Abstract

There has been an increased interest in seasonal forecasting of the Arctic sea ice extent in recent years, in particular the minimum sea ice extent. Here, a dynamical mechanism, based on winter preconditioning, is found to explain a significant fraction of the variance in the anomaly of the September sea ice extent from the long-term linear trend. To this end, a Lagrangian trajectory model is used to backtrack the September sea ice edge to any time during the previous winter and quantify the amount of sea ice advection away from the Eurasian and Alaskan coastlines as well as the Fram Strait sea ice export. The late-winter anomalous sea ice drift away from the coastline is highly correlated with the following September sea ice extent minimum . It is found that the winter mean Fram Strait sea ice export anomaly is also correlated with the minimum sea ice extent the following summer . To develop a hindcast model of the September sea ice extent—which does not depend on a priori knowledge of the minimum sea ice extent—a synthetic ice edge initialized at the beginning of the melt season (1 June) is backtracked. It is found that using a multivariate regression model of the September sea ice extent anomaly based on ice export from the peripheral Arctic seas and Fram Strait ice export as predictors reduces the error by 38%. A hindcast model based on the mean December–April Arctic Oscillation index alone reduces the error by 24%.

1. Introduction

There has been a negative trend in the Arctic Ocean sea ice extent since the late 1970s, when satellite observations became available on a consistent basis (Parkinson et al. 1999). This trend is present in all months and ranges from −0.30 to −0.87 × 106 km2 decade−1 (from −2.3% to −13.6% decade−1) in May and September, respectively (Fetterer et al. 2002, updated daily). The rate of decline in the September minimum sea ice extent (SIE) accelerated in recent decades when compared to the 1978–96 time period (Comiso et al. 2008). Following the record minimum September SIE in 2012, the September sea ice extent recovered 1.5 × 106 km2 in 2013, highlighting the significant amplitude of the interannual variability (Fetterer et al. 2002, updated daily).

The current decline of the September minimum sea ice cover is also accompanied by a decrease in mean sea ice thickness (Kwok and Rothrock 2009). During the period 1986–94, a mean reduction of draft depth of 1.5 m was observed from repeated submarine transects between the coast of Alaska and the North Pole. The decrease in sea ice draft is attributed primarily to sea ice dynamics with thermodynamics playing a less influential role (Tucker et al. 2001). The particular dynamical mechanisms leading to the reduction in thickness are an anomalously weak Beaufort Gyre, a broad Transpolar Drift Stream, and high export of multiyear ice (MYI) associated with a positive Arctic Oscillation (AO) index in the late 1980s and early 1990s. Likewise, Rigor and Wallace (2004) document a reduction in mean sea ice age during the same time period, associated with the sustained positive phase of the AO. In the mid-1990s, the AO returned to a more neutral state, yet the rate of decline of the September sea ice extent accelerated. Many studies build on this link between the AO and the MYI mass budget (Rigor and Wallace 2004), highlighting the importance of winter sea ice dynamical processes in the Arctic (e.g., Wang et al. 2009; Stroeve et al. 2011).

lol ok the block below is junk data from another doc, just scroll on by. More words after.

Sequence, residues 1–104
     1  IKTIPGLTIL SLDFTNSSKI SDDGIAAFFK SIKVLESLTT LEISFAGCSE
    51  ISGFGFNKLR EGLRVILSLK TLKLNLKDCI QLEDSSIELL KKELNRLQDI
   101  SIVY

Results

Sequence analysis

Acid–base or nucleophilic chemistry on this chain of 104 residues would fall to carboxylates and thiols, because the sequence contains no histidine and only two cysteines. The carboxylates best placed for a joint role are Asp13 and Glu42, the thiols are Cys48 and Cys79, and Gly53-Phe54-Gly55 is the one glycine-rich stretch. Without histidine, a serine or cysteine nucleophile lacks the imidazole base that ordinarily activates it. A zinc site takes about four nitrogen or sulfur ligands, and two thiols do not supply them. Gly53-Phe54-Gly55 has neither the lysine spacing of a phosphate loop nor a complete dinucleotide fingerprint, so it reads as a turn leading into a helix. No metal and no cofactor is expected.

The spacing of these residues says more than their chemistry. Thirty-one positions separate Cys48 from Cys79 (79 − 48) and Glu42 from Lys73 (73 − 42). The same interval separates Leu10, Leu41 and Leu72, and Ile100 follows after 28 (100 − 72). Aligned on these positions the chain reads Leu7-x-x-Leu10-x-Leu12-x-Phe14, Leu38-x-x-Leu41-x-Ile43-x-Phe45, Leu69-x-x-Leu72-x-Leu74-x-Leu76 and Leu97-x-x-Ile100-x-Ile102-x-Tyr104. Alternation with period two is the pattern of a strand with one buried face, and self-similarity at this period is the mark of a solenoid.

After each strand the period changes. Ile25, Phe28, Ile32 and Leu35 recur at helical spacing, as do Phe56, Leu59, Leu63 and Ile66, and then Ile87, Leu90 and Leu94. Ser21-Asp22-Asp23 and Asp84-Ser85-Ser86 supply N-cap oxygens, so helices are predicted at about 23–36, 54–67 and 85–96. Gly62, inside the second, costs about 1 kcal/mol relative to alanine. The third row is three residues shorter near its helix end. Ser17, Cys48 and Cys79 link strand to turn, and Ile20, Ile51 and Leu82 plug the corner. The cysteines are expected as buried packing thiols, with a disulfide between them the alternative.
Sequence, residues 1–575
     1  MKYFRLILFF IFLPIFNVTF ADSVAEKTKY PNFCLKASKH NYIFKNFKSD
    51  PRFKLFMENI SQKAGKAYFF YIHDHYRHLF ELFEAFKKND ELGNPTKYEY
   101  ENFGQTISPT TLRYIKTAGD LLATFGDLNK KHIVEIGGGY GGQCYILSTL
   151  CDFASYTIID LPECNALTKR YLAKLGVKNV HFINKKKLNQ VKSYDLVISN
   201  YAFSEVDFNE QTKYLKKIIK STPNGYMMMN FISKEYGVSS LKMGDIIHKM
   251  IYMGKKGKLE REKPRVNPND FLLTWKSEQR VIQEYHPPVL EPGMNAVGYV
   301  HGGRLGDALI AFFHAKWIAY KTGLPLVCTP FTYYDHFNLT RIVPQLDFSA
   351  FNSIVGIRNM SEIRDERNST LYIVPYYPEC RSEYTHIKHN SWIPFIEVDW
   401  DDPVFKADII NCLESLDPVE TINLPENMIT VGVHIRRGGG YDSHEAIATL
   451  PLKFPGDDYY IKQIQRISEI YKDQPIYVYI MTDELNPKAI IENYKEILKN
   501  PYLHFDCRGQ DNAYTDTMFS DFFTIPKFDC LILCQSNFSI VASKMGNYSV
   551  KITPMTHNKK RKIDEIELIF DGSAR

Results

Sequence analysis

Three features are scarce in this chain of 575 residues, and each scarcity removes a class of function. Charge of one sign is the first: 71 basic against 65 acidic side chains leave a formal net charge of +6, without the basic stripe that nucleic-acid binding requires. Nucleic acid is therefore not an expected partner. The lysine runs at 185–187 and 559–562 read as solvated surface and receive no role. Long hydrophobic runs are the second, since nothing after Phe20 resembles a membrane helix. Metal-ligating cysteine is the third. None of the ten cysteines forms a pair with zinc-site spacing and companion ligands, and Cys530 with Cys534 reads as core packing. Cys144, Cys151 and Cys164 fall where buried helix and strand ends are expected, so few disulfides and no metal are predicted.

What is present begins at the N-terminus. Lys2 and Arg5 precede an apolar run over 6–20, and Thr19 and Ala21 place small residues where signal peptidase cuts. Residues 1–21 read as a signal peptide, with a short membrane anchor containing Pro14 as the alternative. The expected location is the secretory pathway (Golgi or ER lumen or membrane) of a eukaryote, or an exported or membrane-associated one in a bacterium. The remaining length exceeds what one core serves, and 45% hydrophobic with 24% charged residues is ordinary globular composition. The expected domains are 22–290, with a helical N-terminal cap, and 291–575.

Of particular interest are the record September SIE minima in 2007 and 2012 with area losses of 36% and 48% of the mean 1979–2006 minimum sea ice extent, respectively (Fetterer et al. 2002, updated daily). The year-to-year ice loss leading to both of these minima are the largest observed during the satellite era. Summertime thermodynamic processes also play an important role in setting the September sea ice edge. In particular, the surface albedo feedback can significantly amplify an initial anomaly in open water area at the beginning of the melt season (Perovich et al. 2007). Perovich et al. (2008) propose that this mechanism was influential in the extensive loss of sea ice in the Beaufort Sea in 2007. Recently, Hutchings and Perovich (2015) showed that wintertime sea ice divergence as calculated from buoy triads in a region of approximately 1000 km2 in the Beaufort Sea could account for the anomalously high local basal melt in 2007.

First year ice (FYI) is flatter than MYI and tends to be covered by lower-albedo melt ponds (Perovich and Polashenski 2012). This is another positive feedback, one that will become more important as the pack transitions to a seasonal ice cover. The continued loss of sea ice area in turn increases the heat content in the upper ocean. The anomalous oceanic heat can also be advected, affecting the subsequent basal melt of sea ice (Steele et al. 2010). In the western Arctic, open water anomalies early in the melt season can be caused by an anomalous oceanic heat flux through Bering Strait (e.g., Woodgate et al. 2010) as well as wind-driven divergence in the Chukchi and Beaufort Seas (e.g., Frey et al. 2015). Finally, Rigor et al. (2002) suggest that open water anomalies early in the melt season can be caused by divergent wind forcing along the Eurasian coastline during the previous winter associated with a positive phase of the AO.

Nikolaeva and Sesterikov (1970) find that FYI forming after 1 February in the Laptev Sea is unlikely to survive the following summer melt season. Based on this concept, Nikolaeva and Sesterikov (1970) developed and validated a skillful operational sea ice prediction system for the Laptev Sea. Following the same line of argument, Chevallier and Salas-Mélia (2012) showed that the ice fraction in the 0.9–1.5-m thickness category from a numerical model gives the largest predictive skill for a 4-month seasonal forecast of the minimum SIE. This thickness range is in line with that of Nikolaeva and Sesterikov (1970), who estimate that new ice forming on 1 February will be 1.15–1.45 m thick at the onset of melt.